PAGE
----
The COVID-19 vaccines from Pfizer and Moderna produce a "persistent" immune response and give a sign of long-lasting protection, a new study finds.
The study is a positive development in the discussion around whether booster shots of the vaccines will be needed and when, though there has not been a definitive answer to that question yet.
The study published in the journal Nature on Monday centers on what are known as germinal centers, what Ali Ellebedy, the study's senior author and an associate professor at Washington University in St. Louis, describes as "boot camps for immune cells."
The study found that those training grounds in the body for immune cells were still active 15 weeks after the first dose of vaccine.
“Germinal centers are the key to a persistent, protective immune response,” Ellebedy said in a statement. “Germinal centers are where our immune memories are formed. And the longer we have a germinal center, the stronger and more durable our immunity will be because there’s a fierce selection process happening there, and only the best immune cells survive."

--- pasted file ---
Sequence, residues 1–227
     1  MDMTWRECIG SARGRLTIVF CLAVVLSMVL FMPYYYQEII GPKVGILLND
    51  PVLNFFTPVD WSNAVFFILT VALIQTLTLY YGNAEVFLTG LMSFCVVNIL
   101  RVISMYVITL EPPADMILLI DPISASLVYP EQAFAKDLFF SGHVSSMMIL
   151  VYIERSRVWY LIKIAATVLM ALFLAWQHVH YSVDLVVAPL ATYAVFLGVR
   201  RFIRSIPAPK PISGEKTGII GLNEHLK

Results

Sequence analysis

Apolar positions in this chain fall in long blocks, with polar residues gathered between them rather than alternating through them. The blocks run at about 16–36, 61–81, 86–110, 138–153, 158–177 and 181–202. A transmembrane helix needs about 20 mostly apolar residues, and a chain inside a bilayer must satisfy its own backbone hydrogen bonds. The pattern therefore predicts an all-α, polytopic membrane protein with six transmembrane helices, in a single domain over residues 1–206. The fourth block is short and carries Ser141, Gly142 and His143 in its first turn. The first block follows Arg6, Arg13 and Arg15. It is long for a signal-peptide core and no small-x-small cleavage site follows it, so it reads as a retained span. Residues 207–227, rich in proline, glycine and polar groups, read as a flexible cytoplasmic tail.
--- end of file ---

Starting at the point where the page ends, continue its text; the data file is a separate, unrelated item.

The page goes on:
"We found that germinal centers were still going strong 15 weeks after the vaccine’s first dose," he added. "We’re still monitoring the germinal centers, and they’re not declining; in some people, they’re still ongoing. This is truly remarkable.”
One key wild card in the discussion of booster doses is what variants of the virus develop. So far, the vaccines have held up well against new variants of the virus, including the highly transmissible delta variant that is on the rise in the United States.
But if a new variant develops that is more resistant to the current vaccines, that could prompt a need for booster doses, possibly with a modified vaccine designed to fight the new variant.